A group of Whole Foods Market employees is urging fellow store-level workers to unionize.
Under the effort, first reported Thursday by The Wall Street Journal, the organizing employees sent an email to workers at Whole Foods stores across the country that calls for the formation of a cross-regional committee to press their demands with the Austin, Texas-based grocer and parent company Amazon.com Inc.
Chief among the workers’ concerns are labor-related changes they said have taken place in stores since Amazon closed its acquisition of Whole Foods in late August 2017. In the email, a copy of which was obtained by Supermarket News, the employees said layoffs and the streamlining of store-level jobs at Whole Foods following the $13.7 billion deal are likely to continue as Amazon integrates its online-driven business with the supermarket chain.
“Over the past year, layoffs and the consolidation of store-level positions at Whole Foods Market have upset the livelihood of team members, stirred anxiety and lowered morale within stores. Many in leadership are well-aware of the fact that when [Whole Foods CEO] John Mackey sold WFM to [Amazon CEO] Jeff Bezos last year, that deal came with an agreement to trim hundreds of millions of dollars of labor from our stores,” the email stated. “There will continue to be layoffs in 2019 and beyond as Amazon aims to aggressively trim our labor force before it expands with new technology and labor models.”
The “most vulnerable” jobs in stores, the employees said, include department order writers, supervisors, store scanners and customer service positions.
In the email, the Whole Foods workers contended that employees have been laid off with “meager severance packages, no health insurance” and thereafter were offered the chance to apply for another job “at a much lower wage.” They also claimed that Whole Foods stopped offering profit sharing, in the form of stock options, to lower-level employees since Amazon took ownership of the chain.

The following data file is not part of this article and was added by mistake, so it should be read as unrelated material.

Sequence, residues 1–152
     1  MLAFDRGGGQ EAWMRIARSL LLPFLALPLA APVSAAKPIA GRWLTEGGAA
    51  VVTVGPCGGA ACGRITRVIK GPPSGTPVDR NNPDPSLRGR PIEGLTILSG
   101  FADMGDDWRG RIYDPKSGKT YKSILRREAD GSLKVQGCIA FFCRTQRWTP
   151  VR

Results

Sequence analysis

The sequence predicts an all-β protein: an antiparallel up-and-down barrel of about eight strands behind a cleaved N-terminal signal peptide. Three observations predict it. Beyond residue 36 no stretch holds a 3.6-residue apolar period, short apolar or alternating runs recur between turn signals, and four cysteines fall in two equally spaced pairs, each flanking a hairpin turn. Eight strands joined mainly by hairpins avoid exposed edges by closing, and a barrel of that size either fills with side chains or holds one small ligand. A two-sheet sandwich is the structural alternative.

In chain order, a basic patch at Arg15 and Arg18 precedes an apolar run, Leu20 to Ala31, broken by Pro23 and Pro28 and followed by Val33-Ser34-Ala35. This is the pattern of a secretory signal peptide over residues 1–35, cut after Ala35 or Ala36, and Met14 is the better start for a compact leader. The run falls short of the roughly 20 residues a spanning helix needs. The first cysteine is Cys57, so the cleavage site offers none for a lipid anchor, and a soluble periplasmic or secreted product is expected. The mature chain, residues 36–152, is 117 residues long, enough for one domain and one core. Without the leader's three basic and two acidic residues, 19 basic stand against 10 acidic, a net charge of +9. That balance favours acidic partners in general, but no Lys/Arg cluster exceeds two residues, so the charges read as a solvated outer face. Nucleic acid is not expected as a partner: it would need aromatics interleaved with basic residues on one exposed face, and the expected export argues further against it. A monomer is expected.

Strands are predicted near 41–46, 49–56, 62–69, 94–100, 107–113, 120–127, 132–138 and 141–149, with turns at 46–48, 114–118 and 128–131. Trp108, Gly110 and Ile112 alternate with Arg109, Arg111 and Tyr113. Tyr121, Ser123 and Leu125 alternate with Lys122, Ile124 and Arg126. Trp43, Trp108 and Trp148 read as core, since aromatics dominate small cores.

“We cannot let Amazon remake the entire North American retail landscape without embracing the full value of its team members,” the workers said in the email. “The success of Amazon and WFM should not come at the cost of exploiting our dedication and threatening our economic stability.”
The employees organizing the union drive are calling for a $15 minimum wage, a matching 401k plan, paid maternity leave, lower health insurance deductibles and equal profit sharing, among other benefits.
Whole Foods couldn’t immediately be reached for comment. However, Seattle-based Amazon said in a statement that it provides an open environment for employees to express their concerns with management.
“At Amazon, we respect the individual rights of associates and have an open-door policy that encourages associates to bring their comments, questions and concerns directly to their management team. We firmly believe this direct connection is the most effective way to understand and respond to the needs of our workforce,” Amazon stated.
“Amazon is a fair and responsible employer and, as such, we are committed to dialogue, which is an inseparable part of our culture,” the company noted. “We are committed to ensuring a fair cooperation with all our employees, including positive working conditions and a caring and inclusive environment.”
Overall, Whole Foods has more than 89,000 employees and operates 490 stores in the United States, Canada and the United Kingdom. The company’s 470 U.S. stores are in 42 states.
The New York-based Retail, Wholesale and Department Store Union (RWDSU), which has 100,000 members, expressed support for the unionization effort by the Whole Foods workers.
“The RWDSU stands with workers in precarious positions no matter what; Amazon and Whole Foods workers are no different,” Union President Stuart Appelbaum said in a statement.
“Amazon is raising a generation of precarious workers, and that is against everything our union stands for,” he added. “We will not back down until Amazon workers are treated with dignity and respect.”
This week, Amazon was spotlighted by Sen. Bernie Sanders (I-Vt.) when he and Rep. Ro Khanna (D-Calif.) introduced labor legislation dubbed the Stop BEZOS (Bad Employers by Zeroing Out Subsidies) Act. The lawmakers said the bill would require large companies like Amazon and Walmart to pay for Medicaid, food stamps other public assistance used by employees who aren’t paid a living wage. To that end, the measure would levy a 100% tax on corporations with 500 or more employees equal to the amount of federal benefits received by low-wage workers.